In my earliest memory I’m 4 years old. My mom tried to pick me up from JCC preschool, only to have the teacher refuse to let her take me home, as no one had called ahead to tell her “the maid” would be coming to get me. At 11, I earned a full scholarship to my city’s Jewish day school and my mom, bursting with pride, spent the weekend making kimchi (a feat of strength, endurance and pure love) for my first day — only to be called into the principal’s office and shamed when other students accused me of eating “baby embryos” in the cafeteria. At 13, my mom — who had worked three jobs for months to afford my custom-made dress and a luncheon for me and all my friends — was denied a seat on the bimah during my bat mitzvah while my father, a white man who had abandoned me for most of my life in all the ways a parent can abandon a child and who also happened to have been born Orthodox Jewish, waltzed into temple and took a place of honor alongside me, no questions asked.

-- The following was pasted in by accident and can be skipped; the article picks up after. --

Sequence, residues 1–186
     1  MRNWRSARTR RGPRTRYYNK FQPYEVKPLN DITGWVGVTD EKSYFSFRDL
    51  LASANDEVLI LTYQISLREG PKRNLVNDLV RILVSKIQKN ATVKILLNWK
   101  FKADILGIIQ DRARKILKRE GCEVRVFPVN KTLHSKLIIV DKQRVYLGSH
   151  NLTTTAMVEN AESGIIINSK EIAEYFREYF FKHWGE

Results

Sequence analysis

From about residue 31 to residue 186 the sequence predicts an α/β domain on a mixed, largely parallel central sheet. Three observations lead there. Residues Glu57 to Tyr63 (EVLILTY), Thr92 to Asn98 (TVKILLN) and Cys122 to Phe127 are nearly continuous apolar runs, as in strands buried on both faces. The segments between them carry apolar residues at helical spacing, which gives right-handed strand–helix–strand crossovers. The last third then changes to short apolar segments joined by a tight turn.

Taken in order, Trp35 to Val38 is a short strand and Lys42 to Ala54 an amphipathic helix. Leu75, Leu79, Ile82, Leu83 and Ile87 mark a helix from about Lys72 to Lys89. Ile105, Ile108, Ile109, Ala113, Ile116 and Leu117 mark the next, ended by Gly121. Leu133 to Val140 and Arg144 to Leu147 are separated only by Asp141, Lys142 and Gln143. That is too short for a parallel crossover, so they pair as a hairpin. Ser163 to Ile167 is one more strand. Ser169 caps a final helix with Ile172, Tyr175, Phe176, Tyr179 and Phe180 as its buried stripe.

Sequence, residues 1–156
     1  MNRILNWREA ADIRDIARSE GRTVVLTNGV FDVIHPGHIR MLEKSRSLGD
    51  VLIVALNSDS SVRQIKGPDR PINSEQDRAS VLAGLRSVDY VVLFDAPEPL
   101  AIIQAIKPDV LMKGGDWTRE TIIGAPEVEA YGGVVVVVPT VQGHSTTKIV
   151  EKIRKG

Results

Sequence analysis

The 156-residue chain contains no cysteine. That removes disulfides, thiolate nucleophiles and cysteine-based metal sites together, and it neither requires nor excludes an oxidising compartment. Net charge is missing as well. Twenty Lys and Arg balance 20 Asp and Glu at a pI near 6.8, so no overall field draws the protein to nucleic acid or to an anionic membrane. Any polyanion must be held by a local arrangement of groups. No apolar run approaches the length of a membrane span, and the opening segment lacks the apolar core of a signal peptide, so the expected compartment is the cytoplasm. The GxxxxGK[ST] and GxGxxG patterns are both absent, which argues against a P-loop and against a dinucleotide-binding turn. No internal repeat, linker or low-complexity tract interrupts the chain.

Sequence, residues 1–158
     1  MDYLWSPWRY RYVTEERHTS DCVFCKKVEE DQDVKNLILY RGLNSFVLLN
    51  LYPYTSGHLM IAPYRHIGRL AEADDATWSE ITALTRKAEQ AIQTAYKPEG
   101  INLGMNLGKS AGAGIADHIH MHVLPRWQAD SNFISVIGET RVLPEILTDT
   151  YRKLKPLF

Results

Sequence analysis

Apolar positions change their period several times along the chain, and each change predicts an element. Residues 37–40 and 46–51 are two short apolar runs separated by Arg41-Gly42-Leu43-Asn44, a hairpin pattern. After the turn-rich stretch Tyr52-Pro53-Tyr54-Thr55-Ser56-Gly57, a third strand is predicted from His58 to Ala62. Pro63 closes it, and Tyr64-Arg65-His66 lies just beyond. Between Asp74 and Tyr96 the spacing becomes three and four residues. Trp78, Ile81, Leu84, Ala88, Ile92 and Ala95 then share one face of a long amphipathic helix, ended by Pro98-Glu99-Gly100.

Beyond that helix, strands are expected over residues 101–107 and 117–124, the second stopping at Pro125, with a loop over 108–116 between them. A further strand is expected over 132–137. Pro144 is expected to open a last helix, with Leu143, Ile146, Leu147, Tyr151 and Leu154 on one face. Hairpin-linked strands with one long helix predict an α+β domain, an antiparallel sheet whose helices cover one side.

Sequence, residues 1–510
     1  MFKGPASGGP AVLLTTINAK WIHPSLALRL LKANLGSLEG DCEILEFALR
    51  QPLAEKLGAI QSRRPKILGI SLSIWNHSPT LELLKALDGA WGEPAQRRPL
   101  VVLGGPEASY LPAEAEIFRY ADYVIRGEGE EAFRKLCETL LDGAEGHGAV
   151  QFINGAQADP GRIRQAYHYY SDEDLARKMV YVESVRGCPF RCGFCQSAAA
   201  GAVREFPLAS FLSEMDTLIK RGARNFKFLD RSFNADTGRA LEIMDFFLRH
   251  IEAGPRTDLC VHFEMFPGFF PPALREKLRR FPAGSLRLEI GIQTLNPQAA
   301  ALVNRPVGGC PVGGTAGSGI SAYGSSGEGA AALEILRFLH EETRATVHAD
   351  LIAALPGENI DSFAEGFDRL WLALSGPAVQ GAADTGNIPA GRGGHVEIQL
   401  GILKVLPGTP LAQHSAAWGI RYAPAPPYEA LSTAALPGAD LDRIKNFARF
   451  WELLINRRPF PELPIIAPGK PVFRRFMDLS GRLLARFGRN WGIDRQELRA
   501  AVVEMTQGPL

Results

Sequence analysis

What’s funny (and by funny I mean enraging and heartbreaking and dehumanizing) about all this is that my mom is the proudest Jewish person I have ever known. She converted to Judaism almost as soon as she came to this country (and four years before I was born) and never looked back. She loves the prayers, the holidays, the Jewish camp songs. Her Judaism is a part of her, body and soul, and her faith has never once wavered.
For as long as I’ve known her, my mom has understood implicitly what the non-Jewish world sometimes struggles to get: that while we might not be able to agree on an exact definition of what it means to be Jewish, we can all agree that Judaism is more than a religion. In this way, my mom always approached her Judaism as intrinsically linked to her identity as an American. She was very aware of the challenges I would face as the mixed-race daughter of a Korean immigrant — so much so that she would tell me daily to think and act “Jewish first, Korean second.” She knew that my Judaism was my ticket to whiteness and that my whiteness was my ticket to … literally everything.